Surrounded by armed security guards and police officers, the TUSD Governing Board decided to hold off on making changes to the ethnic studies program until it holds a public forum on the proposal.
Board President Mark Stegeman made the recommendation to delay the vote and the Tucson Unified School District has plans to organize a community forum. After the forum is held, Stegeman said he plans to bring the proposal back to the board.
The no decision capped a four-hour meeting before a standing-room-only crowd inside TUSD headquarters while about 300 people waited outside. At least seven people who attempted to talk to the board were removed by police from the meeting.
The meeting moved at a slow pace as board members were often interrupted by audience members.
However, it came to a halt nearly two hours in when two members of the audience attempted to speak after the call to the audience portion of the meeting ended. The women were asked repeatedly to leave before being escorted out by police in tactical gear.
The interruption resulted in a 15-minute recess. When the board reconvened and attempted to discuss the Mexican American Studies proposal, the interruptions continued and five more women were escorted out as a result.
Lupe Castillo, a longtime educator and community activist, was one of those escorted out of the board meeting.
“I wanted to say a few words. I wanted to read from Dr. Martin Luther King Jr.’s ‘Letter From Birmingham,’ ” said Castillo, 69. “I’m horrified at the level of police presence.”
She was issued a citation for criminal trespass and ordered to appear in city court.
Police were on hand at the request of TUSD administration, which didn’t want to take any chances after members of the student group Unidos stormed the dais, chained themselves to board members’ chairs and forced the cancellation of last week’s meeting when the issue was originally supposed to be discussed.
Part of the security measures included screening of those allowed inside. Upon entering the board room, they were met by Tucson police officers in tactical gear.
The proposed change to the ethnic studies courses, supported by board President Mark Stegeman and members Miguel Cuevasand Michael Hicks, applies to social studies courses offered by the Mexican American Studies department.
Board members Judy Burns and Member Adelita Grijalva are opposed.
They argued that such a change would dismantle the program and that there would be no incentive for students to take the course because that would mean doubling up on history courses when class schedules are already tight.
The proposal comes as the Tucson Unified School District waits for word from Arizona Schools Chief John Huppenthal on whether the Mexican American Studies program is in compliance with state law.
Though many called Stegeman’s proposal a concession to the state superintendent, he says that is not the case.
“There’s been a sense in the district that the Mexican American Studies program is flawless, and despite its positive qualities, this rhetoric doesn’t serve the district well,” Stegeman said. “Almost all of our programs have some room for improvement.”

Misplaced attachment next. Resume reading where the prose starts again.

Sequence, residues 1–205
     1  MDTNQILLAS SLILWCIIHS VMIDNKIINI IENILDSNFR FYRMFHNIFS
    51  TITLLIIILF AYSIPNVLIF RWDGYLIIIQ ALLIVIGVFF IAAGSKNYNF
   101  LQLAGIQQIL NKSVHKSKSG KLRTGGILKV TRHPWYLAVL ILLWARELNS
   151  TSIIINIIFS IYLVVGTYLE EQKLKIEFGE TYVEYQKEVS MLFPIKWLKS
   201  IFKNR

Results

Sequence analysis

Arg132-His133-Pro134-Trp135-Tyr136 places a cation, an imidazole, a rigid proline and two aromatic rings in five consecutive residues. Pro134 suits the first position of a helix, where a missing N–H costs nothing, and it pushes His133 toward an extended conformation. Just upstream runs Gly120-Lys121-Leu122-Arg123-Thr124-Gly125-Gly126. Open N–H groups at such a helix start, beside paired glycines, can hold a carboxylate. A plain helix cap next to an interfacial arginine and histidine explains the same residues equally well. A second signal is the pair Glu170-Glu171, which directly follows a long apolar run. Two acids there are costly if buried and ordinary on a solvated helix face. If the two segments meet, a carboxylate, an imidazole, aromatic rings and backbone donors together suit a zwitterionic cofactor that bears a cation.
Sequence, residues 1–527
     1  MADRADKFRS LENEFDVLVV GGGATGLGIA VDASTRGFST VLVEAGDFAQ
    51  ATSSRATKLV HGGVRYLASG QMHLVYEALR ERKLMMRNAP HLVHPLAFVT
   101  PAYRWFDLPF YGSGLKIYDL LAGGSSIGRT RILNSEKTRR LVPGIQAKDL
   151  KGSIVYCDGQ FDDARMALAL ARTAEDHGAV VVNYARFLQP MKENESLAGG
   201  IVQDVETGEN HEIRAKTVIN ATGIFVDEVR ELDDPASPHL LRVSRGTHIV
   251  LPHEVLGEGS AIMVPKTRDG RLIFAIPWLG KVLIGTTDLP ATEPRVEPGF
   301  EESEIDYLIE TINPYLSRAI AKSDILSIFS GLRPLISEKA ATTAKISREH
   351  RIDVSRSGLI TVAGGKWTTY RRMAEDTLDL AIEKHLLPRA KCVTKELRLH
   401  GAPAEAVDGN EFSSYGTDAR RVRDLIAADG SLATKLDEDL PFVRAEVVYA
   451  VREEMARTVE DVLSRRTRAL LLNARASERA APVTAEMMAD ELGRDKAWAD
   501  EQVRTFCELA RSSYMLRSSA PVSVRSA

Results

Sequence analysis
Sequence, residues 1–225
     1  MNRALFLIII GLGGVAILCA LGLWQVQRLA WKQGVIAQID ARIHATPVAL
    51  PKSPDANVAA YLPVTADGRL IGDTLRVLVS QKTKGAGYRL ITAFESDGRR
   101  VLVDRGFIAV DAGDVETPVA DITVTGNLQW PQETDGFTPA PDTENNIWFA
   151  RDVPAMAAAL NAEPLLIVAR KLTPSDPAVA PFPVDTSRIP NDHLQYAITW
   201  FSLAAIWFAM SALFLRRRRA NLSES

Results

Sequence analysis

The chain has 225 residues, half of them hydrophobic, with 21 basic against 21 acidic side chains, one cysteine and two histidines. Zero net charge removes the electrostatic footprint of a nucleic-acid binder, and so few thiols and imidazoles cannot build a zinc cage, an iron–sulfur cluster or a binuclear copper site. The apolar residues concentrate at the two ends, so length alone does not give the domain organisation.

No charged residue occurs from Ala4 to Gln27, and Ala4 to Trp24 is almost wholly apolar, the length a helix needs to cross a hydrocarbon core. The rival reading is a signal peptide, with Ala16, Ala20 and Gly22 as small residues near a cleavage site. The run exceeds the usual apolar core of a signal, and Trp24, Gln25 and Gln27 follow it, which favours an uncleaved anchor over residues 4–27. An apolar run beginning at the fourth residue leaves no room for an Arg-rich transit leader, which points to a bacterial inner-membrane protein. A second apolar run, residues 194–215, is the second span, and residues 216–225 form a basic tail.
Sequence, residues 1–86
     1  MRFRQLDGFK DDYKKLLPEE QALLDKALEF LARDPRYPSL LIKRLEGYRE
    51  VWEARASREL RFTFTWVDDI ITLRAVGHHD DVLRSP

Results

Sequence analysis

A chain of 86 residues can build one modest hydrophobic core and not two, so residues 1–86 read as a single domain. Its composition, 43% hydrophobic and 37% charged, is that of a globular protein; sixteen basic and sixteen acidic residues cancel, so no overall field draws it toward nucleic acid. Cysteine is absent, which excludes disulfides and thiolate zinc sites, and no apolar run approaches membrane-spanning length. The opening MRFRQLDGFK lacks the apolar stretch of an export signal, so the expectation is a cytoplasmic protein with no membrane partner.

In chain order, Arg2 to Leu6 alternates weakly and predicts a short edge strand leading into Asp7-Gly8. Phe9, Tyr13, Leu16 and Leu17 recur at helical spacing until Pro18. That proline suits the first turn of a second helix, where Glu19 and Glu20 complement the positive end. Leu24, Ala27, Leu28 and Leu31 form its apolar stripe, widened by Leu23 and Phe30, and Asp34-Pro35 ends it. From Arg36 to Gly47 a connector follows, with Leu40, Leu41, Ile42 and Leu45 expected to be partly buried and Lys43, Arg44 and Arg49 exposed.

He went on to say that some of the courses may not give adequate coverage to core topics, just as traditional classes may not provide adequate coverage of alternative viewpoints.
His solution is to strengthen the traditional classes by adding a significant component that focuses on the contributions and viewpoints of Mexican Americans and other ethnic minorities.
Stegeman believes doing so will not only allow that content to reach more students, but will also put the district in a stronger position when it comes to the state investigation.
Grijalva disagreed, saying: “We’re in a position to let the state know this is a program we’re willing to fight for. The reason we’re being targeted is because this state is purposely writing legislation that attacks a people based on the color of their skin — we can’t lose sight of that. It’s naive of us to think that by passing this resolution that it will take away the state attention.”
Outside TUSD headquarters, a raucous crowd of about 300 people gathered while the meeting progressed. They chanted, waved flags, cheered and jeered through the evening. Some student members of Unidos even held their own mock board meeting.
Among other things, supporters of ethnic studies want the board to reject the proposal and expand the program.
“When prisons are growing and growing and schools are closing and closing, it affects everybody,” said Ryan Velasquez, a senior at City High School.
Mayra Feliciano, a senior at Rincon told the crowd she is in an ethnic studies government class.
“These classes have had such an impact on me,” she said. “I see the world through a critical lens now.”
Tucson police had about 100 officers on site, said Assistant Chief Brett Klein.
He said no officers were working on overtime. The officers were pulled from various units to provide security. A police helicopter flew overhead during the evening and a K-9 unit was also present.
Police Lt. Fabian Pacheco said officers were on hand to ensure everyone’s safety.
“We are here to preserve the peace,” he said before the meeting started. “They can exercise their Constitutional rights, but we will not tolerate criminal activity.”
Shortly before the meeting started, TUSD Superintendent John Pedicone walked outside. Activist and one-time TUSD board candidate Miguel Ortega shouted, “Shame on you, Dr. Pedicone.” Moments later he yelled out, “Vote the right way,” to board member Miguel Cuevas.
Earlier in the day, Pedicone urged the Governing Board to hold off on a vote.
“It is clear there is a great deal of misperception and miscommunication about the reason for consideration of this item,” Pedicone said. “This has resulted in heightened levels of frustration.”
Star reporters Carmen Duarte, Marisa Gerber and Ernesto Portillo Jr. contributed to this story.